Emergency management and information exchange become more challenging in an international crisis episode because of cultural, linguistic and legal differences between all stakeholders, especially first responders. Misunderstandings between first responders slow down decision-making and make it more difficult. The recent spread and development of networks and Emergency Management Systems (EMS) has facilitated communication and improved emergency responses, allowing them to become more coordinated and successful in overcoming distances issues, and allowing decentralized decision-making when necessary and appropriate. However, EMS have not still solved problems related to cultural, legal and linguistic differences which are the greatest cause of slow decision-making. In addition, from a technical perspective, the consolidation of current EMS and the limitations of their exchanged data formats offer significant problems to be solved in any solution proposing information interoperability and understanding between heterogeneous Emergency Management Systems located in different countries, and operating within different contexts.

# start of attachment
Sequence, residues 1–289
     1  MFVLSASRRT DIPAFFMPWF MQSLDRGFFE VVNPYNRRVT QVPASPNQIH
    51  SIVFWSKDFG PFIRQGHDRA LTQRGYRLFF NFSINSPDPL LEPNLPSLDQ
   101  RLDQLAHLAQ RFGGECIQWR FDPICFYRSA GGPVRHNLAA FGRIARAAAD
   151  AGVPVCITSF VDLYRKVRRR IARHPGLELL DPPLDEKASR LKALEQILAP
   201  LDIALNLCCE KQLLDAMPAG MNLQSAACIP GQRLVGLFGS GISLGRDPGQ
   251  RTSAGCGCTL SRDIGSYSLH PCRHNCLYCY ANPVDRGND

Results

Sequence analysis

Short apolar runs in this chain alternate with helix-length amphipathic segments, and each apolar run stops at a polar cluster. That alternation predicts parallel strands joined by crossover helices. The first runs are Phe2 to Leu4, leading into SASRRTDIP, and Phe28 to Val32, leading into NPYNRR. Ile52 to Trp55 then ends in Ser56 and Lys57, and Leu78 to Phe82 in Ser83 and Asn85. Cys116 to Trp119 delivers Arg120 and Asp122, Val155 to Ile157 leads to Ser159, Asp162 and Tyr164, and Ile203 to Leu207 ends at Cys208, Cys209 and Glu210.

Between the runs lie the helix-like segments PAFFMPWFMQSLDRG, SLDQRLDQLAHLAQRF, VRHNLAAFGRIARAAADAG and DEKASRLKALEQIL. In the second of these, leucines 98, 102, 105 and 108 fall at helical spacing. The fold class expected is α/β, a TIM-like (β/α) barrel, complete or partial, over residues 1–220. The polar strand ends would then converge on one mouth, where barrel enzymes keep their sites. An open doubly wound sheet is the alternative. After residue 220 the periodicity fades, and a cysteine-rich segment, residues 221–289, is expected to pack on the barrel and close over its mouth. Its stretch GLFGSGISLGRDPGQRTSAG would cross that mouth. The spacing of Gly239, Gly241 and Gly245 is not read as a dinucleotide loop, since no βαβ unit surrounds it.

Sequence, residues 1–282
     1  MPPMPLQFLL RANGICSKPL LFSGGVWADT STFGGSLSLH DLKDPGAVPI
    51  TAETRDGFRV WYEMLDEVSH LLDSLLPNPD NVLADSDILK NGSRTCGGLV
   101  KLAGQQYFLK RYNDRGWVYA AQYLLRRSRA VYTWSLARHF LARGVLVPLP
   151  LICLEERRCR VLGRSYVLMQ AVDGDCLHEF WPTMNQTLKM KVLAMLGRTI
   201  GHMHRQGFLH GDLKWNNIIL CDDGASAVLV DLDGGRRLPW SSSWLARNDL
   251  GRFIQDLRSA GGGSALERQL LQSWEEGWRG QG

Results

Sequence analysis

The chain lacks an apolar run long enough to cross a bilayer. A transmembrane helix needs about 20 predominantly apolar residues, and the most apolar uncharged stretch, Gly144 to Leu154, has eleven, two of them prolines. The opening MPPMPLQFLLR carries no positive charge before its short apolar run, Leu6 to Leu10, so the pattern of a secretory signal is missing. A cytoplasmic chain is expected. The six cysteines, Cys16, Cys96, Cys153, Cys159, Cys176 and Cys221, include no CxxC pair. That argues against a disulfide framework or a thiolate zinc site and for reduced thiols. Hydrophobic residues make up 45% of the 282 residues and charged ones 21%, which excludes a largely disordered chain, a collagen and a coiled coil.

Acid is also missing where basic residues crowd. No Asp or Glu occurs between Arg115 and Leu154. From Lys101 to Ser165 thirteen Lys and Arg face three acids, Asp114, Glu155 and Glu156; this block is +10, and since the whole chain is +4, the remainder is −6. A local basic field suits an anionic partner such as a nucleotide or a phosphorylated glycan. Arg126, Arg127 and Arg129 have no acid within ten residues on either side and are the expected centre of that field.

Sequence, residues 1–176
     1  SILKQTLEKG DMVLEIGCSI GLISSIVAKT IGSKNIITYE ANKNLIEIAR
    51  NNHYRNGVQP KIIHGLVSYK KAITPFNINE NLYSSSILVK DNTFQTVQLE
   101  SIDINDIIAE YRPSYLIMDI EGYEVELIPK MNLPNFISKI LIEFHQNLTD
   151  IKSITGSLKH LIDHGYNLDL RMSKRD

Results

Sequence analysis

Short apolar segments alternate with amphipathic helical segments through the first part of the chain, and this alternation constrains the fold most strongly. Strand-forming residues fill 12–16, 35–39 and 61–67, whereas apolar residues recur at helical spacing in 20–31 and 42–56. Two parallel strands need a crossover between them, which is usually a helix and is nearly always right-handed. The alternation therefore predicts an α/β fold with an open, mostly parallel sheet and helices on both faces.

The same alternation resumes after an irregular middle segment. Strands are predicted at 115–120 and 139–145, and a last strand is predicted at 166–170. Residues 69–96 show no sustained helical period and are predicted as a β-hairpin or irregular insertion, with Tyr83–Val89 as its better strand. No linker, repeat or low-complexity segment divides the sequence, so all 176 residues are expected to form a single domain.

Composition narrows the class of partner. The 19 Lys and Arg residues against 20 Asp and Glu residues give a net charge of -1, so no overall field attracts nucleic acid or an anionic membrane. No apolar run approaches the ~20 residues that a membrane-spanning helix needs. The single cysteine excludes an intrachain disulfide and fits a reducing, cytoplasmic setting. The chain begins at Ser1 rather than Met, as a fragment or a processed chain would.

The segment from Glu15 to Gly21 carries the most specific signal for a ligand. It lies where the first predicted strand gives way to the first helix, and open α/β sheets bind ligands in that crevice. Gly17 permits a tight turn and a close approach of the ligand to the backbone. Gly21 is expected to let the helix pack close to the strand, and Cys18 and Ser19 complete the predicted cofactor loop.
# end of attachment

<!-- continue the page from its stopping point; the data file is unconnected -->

To overcome this situation, a two step solution is proposed:

  1. As the main objective and foundation of DISASTER project, the development of a common and modular ontology shared by all the stakeholders is proposed to offer the best solution to gather all stakeholders knowledge in a unique and flexible data model, taking into account different countries cultural, linguistic and legal issues.
  2. Then, taking advantage of the fact that most legacy Emergency Management Systems are based on Service-Oriented-Architectures (SOA), i.e. those systems compile information from distributed and specialized systems (e.g. Geographic Information Systems), the interoperability information burden will be addressed by means of transparent SOA mediation algorithms compliant with current data formats and existing solutions.